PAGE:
‘Spider-Man: Far from Home’ swings past ‘franchise fatigue’ with record opening


While sequels from “Men in Black: international” to “Dark Phoenix” have disappointed both critically and commercially this year, the Marvel Cinematic Universe keeps setting records.

Its 23rd entry, “Spider-Man: Far from Home,” continues the trend: The second solo Spider-Man movie in the MCU scored the highest Tuesday bow ever with $39.3 million, topping “The Amazing Spider-Man” ($35 million). After second place, the competition drops way back, with 2007’s “Transformers” No. 3 at $27.8 million. “Far From Home’s” reported Wednesday figure, $27 million, is also the best-ever for an MCU film — topping “Avengers: Endgame”s $25.2 million.

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“Amazing,” Sony’s 2012 franchise reboot starring Andrew Garfield, predated the studio joining forces with Marvel/Disney to bring Spider-Man into the MCU fold with 2016’s “Captain America: Civil War.”

Only one of the four MCU Spider-Man outings before now has been a solo adventure: “Spider-Man: Homecoming” (2017). The others, “Civil War,” “Avengers: Infinity War” and “Endgame,” featured star-studded ensemble casts. Each scored more than $1 billion at the box office worldwide and averaged around 90% positive ratings from critics on Rotten Tomatoes.

More than director Sam Raimi’s trilogy, starring Tobey Maguire, or Marc Webb’s two-film reboot, “Homecoming” and “Far from Home” focus on the hero’s awkward adolescence familiar to readers of the Spider-Man comics. Each scored 92% on Rotten Tomatoes: That’s higher than any of Sony’s five previous live-action entries except “Spider-Man 2” (93%) and well above the pair of Garfield vehicles, which rated 72% and 52%, respectively.

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“Homecoming” came in just $11 million behind “Spider-Man 3” ($891 million) for the highest-grossing solo web-slinger outing, and against that bar, “Far from Home” is off to a blazing start. The film is expected to finish Independence Day with $65.3 million stateside and $215.3 million worldwide. Sony projects a $125-million six-day total.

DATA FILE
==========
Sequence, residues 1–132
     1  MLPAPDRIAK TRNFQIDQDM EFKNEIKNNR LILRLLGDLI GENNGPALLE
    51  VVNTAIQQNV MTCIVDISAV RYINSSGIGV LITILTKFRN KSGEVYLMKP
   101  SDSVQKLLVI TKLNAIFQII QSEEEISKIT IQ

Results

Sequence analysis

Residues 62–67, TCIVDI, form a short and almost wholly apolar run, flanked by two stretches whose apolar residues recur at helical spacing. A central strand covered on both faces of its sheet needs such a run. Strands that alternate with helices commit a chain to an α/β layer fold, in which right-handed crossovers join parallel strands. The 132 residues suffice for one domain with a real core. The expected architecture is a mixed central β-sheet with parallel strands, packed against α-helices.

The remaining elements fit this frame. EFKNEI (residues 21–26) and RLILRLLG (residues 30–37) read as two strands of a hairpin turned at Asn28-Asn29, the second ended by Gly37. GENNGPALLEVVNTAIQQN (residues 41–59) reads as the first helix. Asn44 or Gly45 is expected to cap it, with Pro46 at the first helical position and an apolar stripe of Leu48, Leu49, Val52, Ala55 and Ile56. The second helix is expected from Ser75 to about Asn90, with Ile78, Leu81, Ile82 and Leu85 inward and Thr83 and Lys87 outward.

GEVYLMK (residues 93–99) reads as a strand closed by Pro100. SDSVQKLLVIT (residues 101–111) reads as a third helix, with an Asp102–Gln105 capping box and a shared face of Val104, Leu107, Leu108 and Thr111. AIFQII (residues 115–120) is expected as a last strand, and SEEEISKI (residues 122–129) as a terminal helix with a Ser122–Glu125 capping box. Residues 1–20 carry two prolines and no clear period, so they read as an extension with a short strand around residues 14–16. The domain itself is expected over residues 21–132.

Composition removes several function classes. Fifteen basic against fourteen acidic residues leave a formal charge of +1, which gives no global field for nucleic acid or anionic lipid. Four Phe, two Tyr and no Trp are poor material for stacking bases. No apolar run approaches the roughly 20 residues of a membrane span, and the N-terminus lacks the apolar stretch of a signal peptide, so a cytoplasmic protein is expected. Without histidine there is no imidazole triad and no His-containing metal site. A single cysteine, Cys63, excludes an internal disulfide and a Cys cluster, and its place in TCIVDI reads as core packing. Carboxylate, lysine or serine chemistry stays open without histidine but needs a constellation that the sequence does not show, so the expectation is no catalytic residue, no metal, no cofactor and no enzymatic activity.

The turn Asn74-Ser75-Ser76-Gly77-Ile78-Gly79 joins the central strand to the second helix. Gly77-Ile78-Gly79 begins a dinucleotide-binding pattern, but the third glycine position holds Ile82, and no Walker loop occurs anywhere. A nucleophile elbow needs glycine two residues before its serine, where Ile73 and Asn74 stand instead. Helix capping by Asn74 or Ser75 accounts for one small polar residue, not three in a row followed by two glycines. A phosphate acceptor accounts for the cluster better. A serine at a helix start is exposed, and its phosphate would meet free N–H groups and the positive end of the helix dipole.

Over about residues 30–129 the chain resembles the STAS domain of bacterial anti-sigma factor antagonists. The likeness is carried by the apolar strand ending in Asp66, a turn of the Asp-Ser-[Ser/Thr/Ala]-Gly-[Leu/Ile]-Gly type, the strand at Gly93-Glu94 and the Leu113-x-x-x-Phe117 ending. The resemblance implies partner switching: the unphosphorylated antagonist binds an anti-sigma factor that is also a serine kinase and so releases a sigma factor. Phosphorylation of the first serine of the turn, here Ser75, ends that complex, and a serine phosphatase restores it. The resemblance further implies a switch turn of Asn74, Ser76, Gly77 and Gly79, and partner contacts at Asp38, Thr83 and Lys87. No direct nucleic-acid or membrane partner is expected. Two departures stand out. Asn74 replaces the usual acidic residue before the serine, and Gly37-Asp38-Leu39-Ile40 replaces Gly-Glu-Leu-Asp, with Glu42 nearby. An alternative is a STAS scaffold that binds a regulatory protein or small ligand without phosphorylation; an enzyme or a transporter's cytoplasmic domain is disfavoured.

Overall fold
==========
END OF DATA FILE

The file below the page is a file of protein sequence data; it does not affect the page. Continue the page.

Marvel’s last five movies, since 2018, have grossed: $1.3 billion (“Black Panther,” which also nabbed six Oscar nominations, including best picture), $2.05 billion (“Avengers: Infinity War”), $622.7 million (“Ant-Man and the Wasp”), $1.13 billion (“Captain Marvel”) and $2.77 billion (“Avengers: Endgame”). That continued success stands in contrast to the struggles of other franchises and sequels this year, which include “Godzilla: King of the Monsters,” “The Secret Life of Pets 2” and “Shaft.”

“Men in Black: International,” despite featuring MCU stars Chris Hemsworth and Tessa Thompson, is fading fast at $220.8 million worldwide, on pace to be the lowest-grossing entry in the series by far. (The next-lowest, 2002’s “Men in Black II,” earned $441.8 million.) “Godzilla: King of the Monsters” (41%) is heading back to its underwater lair with only $378.1 million — about $150 million less than its predecessor (2014’s “Godzilla”) and $190 million less than the top grosser in Warner Bros.’ “Monsterverse,” 2017’s “Kong: Skull Island.” ”King of the Monsters’” weak performance has prompted studio executives to discuss pushing the next installment, the already wrapped “Godzilla vs. Kong,” from its slated March 2020 release date.

“The Secret Life of Pets 2,” “Dark Phoenix” and “Shaft” met similar fates – critical disdain and disappointing box office. “John Wick: Chapter 3 – Parabellum” (90%) however, is by far the biggest hit of its series, and “Toy Story 4,” despite some hand-wringing, notched the series’ highest debut ($238 million worldwide) and a sterling 98% on Rotten Tomatoes, signaling that word of mouth may carry it through.

Perhaps the in-vogue phrase “franchise fatigue” is a misnomer for “unwanted sequel fatigue.” Two days into the long holiday weekend, “Far from Home” seems to represent the opposite.